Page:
European Study Addresses Sperm Damage in Infertile Males
In a preliminary study that may eventually lead to new treatments for male infertility, a group of European researchers have determined that sperm DNA from the testicles of infertile men is often as good as that of ejaculated sperm from fertile men.
The study, which has yet to be published in a peer-reviewed journal, was presented last week at the European Association of Urology Congress in Barcelona, Spain. It demonstrated that on a path from the testicles to ejaculation, sperm can suffer major damage. Hence, the study opines that instead of using ejaculated sperm, it may be possible to remove sperm directly from the testicles for use in fertilizing eggs, allowing infertile men to have children.
As part of the study, the researchers used sperm samples from the testicles of 63 men who had been deemed infertile. They compared the samples with ejaculated sperm from the same individuals. For further comparison, they used ejaculated sperm samples from 76 fertile men.
“When we looked at ejaculated sperm, we found that the extent of sperm DNA damage was much higher in infertile men than in fertile men, with roughly 15 percent in fertile men, but 40 percent in infertile men,” said study author Dr. Jonathan Ramsay, who serves as a consultant urologist at Imperial College, London.
Why does this occur? Well, the fancy name for it is oxidative stress. Ramsay explained to those present at the urology conference that this type of “stress” occurs most often because of poor lifestyle habits that include smoking, poor diet or obesity, and being continuously sedentary (i.e. sitting at a desk or laptop all day). Diseases such as Type 2 Diabetes or Crohn’s Disease can also cause oxidative stress, he added.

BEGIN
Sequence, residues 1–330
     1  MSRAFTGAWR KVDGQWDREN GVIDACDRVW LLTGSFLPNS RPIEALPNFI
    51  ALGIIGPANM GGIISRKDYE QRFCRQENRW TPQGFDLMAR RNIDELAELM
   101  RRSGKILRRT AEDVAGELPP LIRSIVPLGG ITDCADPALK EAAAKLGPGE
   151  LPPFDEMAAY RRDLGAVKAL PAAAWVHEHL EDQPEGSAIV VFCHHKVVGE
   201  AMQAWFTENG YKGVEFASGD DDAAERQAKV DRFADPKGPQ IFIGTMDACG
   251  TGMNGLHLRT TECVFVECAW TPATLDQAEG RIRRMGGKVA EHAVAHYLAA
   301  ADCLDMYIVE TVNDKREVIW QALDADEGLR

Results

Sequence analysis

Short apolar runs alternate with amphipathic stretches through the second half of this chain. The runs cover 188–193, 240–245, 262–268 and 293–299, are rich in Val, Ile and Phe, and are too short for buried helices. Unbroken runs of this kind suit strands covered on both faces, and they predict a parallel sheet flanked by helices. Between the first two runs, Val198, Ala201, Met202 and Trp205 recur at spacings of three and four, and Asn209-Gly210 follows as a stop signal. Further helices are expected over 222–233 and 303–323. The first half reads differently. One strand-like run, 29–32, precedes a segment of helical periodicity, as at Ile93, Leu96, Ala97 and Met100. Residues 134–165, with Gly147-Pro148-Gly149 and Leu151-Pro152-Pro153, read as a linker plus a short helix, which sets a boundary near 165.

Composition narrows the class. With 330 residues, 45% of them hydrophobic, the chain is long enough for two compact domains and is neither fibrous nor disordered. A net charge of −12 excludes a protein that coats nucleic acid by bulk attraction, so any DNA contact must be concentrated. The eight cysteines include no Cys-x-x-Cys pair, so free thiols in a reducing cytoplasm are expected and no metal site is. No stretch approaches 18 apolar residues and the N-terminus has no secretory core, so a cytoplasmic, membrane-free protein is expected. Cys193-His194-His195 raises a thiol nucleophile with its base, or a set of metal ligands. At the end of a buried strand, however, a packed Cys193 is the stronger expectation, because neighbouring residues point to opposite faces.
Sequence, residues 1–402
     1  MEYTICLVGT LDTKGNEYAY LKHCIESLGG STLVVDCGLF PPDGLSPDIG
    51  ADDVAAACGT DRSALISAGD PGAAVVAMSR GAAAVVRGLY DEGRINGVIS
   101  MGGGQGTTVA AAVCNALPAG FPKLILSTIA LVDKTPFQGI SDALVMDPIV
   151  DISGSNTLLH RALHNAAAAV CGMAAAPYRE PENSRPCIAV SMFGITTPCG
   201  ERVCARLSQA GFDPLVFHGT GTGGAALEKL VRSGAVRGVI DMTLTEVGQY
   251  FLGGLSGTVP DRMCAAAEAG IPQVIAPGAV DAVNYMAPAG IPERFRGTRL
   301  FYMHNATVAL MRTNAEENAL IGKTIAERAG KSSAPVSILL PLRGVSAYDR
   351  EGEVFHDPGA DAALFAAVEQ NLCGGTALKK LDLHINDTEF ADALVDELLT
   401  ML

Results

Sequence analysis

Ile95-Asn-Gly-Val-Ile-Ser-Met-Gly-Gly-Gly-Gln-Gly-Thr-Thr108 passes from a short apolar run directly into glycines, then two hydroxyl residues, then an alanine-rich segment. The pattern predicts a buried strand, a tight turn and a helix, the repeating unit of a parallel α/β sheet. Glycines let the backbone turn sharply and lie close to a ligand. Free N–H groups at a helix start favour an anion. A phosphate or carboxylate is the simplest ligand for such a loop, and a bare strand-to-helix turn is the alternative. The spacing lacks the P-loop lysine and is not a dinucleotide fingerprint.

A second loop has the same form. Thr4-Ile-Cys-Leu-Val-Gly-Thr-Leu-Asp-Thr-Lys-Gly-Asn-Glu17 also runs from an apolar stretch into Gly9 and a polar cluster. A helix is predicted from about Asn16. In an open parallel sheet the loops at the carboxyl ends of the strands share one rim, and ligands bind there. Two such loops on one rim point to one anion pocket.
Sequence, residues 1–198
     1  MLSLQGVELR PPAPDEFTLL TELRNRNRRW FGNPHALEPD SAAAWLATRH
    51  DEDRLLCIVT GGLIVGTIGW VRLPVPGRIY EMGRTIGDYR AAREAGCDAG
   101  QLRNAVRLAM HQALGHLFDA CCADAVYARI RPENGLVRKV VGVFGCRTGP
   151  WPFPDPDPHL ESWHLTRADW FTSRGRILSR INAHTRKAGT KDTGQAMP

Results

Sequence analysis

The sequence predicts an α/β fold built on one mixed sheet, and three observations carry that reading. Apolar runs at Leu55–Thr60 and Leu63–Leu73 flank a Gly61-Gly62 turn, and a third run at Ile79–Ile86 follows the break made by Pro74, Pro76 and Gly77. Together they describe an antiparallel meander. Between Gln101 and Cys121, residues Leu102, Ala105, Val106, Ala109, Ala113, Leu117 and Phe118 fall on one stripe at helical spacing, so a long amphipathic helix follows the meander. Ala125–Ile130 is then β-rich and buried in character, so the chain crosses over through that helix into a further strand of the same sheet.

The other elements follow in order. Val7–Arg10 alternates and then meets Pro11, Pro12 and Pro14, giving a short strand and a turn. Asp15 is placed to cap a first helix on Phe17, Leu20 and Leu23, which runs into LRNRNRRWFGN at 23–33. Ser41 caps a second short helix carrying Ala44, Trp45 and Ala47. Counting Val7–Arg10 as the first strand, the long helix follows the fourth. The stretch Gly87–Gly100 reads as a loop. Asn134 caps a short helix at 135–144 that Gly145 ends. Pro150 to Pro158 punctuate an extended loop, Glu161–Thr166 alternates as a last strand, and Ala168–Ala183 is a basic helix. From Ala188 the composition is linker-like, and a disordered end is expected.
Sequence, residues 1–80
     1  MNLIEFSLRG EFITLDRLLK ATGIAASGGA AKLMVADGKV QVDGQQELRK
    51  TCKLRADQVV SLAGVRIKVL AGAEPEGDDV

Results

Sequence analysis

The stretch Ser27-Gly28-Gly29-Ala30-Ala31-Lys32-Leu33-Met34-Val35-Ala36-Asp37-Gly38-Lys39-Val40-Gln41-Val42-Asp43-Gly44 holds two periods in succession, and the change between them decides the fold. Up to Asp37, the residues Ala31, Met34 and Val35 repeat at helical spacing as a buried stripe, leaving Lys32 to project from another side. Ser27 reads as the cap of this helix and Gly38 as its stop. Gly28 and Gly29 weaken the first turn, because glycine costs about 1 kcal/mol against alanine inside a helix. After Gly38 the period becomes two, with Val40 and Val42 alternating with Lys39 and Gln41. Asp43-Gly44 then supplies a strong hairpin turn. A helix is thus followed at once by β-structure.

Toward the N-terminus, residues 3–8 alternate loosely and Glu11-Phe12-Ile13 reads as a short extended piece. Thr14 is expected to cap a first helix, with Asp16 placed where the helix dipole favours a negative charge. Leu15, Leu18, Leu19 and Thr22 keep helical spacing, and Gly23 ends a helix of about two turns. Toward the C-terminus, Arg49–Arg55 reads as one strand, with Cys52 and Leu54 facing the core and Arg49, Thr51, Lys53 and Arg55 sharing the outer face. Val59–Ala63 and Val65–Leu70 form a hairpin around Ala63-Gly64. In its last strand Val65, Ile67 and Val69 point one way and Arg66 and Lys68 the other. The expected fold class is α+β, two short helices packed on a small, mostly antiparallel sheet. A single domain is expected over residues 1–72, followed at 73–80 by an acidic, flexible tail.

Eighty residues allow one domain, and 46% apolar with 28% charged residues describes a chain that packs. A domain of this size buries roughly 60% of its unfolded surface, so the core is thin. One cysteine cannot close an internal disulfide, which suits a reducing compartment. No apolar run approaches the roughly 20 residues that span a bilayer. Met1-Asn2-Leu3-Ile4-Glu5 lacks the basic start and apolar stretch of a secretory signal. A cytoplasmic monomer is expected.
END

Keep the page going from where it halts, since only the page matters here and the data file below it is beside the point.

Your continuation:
As wonderful as this finding seems, it’s important, said the researchers, that infertile couples realize that this is just one potential cause of infertility among men and may not be the main cause of infertility or the main reason that assisted reproductive technology fails when a man is considered infertile.
“We can’t yet prove that this sperm DNA damage is the main cause of male infertility or [assisted reproductive technology] failure in these men, or that using testicular sperm directly would help improve their chance of getting pregnant, but the work certainly points in that direction,” said Sheena Lewis, another of the study authors and a retired professor at Queens University, Belfast, Ireland.
It’s also essential to remember that there are multiple causes for infertility aside from damaged sperm. However, the findings in this study could certainly one day be integral in paving the way for many couples who are struggling with infertility to eventually realize their dream of starting a family.
More research into this theory will be conducted in the near future, the authors note.